Ongoing Pain Assessment

Performing an initial risk assessment is valuable but also should be followed with some form of ongoing assessment. To perform a comprehensive yet time efficient follow-up, it is important to consider four domains for patients on opioid analgesics. These domains have been labeled the "4 As" (analgesia, activities of daily living, adverse effects, and aberrant drug-related behaviors) for teaching purposes.33

To help healthcare professionals use the 4 As clinically, Passik and colleagues created a simple charting device called the Pain Assessment and Documentation Tool (PADT™).34 The PADT is a two-sided chart note that can be easily included in the patient's medical record and is designed to be intuitive, pragmatic, and adaptable to clinical situations.34 The value of assessing pain relief, side effects, and aspects of functioning has been emphasized repeatedly in the literature and the PADT acknowledges these standards. Documentation of drug-related behaviors, however, is a relatively new concept that has been incorporated into the PADT.34

Patient-Prescriber Communication

Successful outcomes in pain management depend on how well healthcare professionals motivate patients to take responsibility for active participation in their care, and how they use their medications is one aspect of this responsibility. The 4 As described above double as both an ongoing assessment tool as well as an opportunity for interaction. A further opportunity for clear communication involves the use and implementation of opioid agreements.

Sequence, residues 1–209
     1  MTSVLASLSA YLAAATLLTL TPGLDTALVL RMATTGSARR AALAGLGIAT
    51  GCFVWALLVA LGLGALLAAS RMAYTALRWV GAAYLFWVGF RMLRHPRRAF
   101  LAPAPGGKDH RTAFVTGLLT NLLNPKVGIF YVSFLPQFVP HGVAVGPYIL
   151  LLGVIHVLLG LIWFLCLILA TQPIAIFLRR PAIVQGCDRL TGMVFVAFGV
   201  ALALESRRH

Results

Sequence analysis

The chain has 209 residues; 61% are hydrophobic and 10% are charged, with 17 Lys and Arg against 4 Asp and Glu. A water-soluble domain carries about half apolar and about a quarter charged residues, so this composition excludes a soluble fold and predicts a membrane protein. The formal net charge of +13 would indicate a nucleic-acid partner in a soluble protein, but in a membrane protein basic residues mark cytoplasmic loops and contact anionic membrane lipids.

The Psychology of Opioid Agreements

While opioid agreements and consents are discussed in What A Prescriber Should Know Before Writing the First Prescription, it is important to explore this issue with regard to the psychology and meaning behind them, as well as how they can impact the therapeutic milieu. An opioid agreement (OA) can be nothing more than a piece of paper if it is signed, sealed, and placed in the patient's medical record and never discussed or examined again. Opioid agreements, which often have been incorrectly called "contracts," traditionally have been used only after a patient had a lapse in behavior or judgment that compromised the medicine’s clinical value or the trust between the healthcare professional and the patient. At its best, however,an OA can be educational, informative, and even motivational if it helps the patient understand opioid therapy and how it differs from other drug therapies where adherence to the rules of drug-taking are not nearly as emphasized. In addition, they can be helpful in reducing multiple prescribers, preventing abuse, and clarifying goals of treatment.35

If a medical practice is to avoid bias and the accusation that they are singling out only the problematic patients, the use of an OA should be practice-wide at the outset of opioid therapy. The agreement should be handed out and introduced as an exercise in mutual trust and goal-setting by the medical staff. The OA should be introduced and discussed by the healthcare professional, not the clerical staff. In addition, the language in the OA should be flexible; otherwise, the staff is likely to be in violation of its agreement as often as the patient. Healthcare professionals must always remember that violations of the agreement might be due to a range of issues from misunderstanding, pseudoaddiction, chemical coping or more illicit behaviors such as frank abuse or diversion. As such, flexible language in the OA allows the healthcare professional an opportunity to test these hypotheses and determine the true nature and cause of the infraction.